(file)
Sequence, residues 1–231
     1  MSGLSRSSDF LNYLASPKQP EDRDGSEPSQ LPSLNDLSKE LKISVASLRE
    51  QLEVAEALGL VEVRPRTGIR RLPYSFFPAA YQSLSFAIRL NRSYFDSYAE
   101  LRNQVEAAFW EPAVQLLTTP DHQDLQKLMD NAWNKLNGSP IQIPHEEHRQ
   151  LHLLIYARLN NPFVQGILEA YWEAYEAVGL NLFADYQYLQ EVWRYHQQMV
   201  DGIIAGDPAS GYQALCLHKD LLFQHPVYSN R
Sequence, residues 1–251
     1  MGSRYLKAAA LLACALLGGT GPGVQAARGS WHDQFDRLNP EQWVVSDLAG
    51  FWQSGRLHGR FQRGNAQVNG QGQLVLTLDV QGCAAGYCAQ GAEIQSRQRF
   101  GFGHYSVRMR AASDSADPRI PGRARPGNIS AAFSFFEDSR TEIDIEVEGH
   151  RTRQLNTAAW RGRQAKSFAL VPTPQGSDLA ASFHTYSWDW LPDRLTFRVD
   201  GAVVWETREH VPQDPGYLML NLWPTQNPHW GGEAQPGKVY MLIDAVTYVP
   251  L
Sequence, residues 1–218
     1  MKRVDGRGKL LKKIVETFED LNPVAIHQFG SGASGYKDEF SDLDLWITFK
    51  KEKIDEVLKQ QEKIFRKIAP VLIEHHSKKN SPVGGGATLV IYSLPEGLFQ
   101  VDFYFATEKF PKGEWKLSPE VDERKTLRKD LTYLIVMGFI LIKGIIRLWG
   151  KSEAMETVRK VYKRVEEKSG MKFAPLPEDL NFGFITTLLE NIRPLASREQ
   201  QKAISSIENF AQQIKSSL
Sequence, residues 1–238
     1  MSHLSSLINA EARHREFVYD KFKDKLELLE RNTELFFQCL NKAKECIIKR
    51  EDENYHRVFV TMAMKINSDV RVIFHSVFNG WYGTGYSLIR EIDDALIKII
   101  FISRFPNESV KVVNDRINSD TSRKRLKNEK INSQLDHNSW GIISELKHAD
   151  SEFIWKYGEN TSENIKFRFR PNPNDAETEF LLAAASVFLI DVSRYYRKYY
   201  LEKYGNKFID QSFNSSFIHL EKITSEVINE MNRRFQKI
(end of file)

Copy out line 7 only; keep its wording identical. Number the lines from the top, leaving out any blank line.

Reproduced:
Sequence, residues 1–251